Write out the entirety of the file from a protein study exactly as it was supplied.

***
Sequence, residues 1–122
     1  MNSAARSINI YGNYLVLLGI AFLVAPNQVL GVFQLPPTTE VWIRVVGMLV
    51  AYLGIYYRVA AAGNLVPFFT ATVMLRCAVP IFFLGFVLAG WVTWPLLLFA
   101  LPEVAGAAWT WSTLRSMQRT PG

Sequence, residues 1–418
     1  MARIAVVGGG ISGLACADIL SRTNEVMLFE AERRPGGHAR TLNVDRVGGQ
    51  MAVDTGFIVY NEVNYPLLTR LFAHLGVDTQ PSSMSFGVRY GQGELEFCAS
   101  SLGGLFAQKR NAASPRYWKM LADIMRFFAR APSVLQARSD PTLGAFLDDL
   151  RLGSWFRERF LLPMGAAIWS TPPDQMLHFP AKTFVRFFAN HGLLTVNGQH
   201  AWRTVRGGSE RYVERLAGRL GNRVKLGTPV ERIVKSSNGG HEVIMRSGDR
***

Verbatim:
Sequence, residues 1–122
     1  MNSAARSINI YGNYLVLLGI AFLVAPNQVL GVFQLPPTTE VWIRVVGMLV
    51  AYLGIYYRVA AAGNLVPFFT ATVMLRCAVP IFFLGFVLAG WVTWPLLLFA
   101  LPEVAGAAWT WSTLRSMQRT PG

Sequence, residues 1–418
     1  MARIAVVGGG ISGLACADIL SRTNEVMLFE AERRPGGHAR TLNVDRVGGQ
    51  MAVDTGFIVY NEVNYPLLTR LFAHLGVDTQ PSSMSFGVRY GQGELEFCAS
   101  SLGGLFAQKR NAASPRYWKM LADIMRFFAR APSVLQARSD PTLGAFLDDL
   151  RLGSWFRERF LLPMGAAIWS TPPDQMLHFP AKTFVRFFAN HGLLTVNGQH
   201  AWRTVRGGSE RYVERLAGRL GNRVKLGTPV ERIVKSSNGG HEVIMRSGDR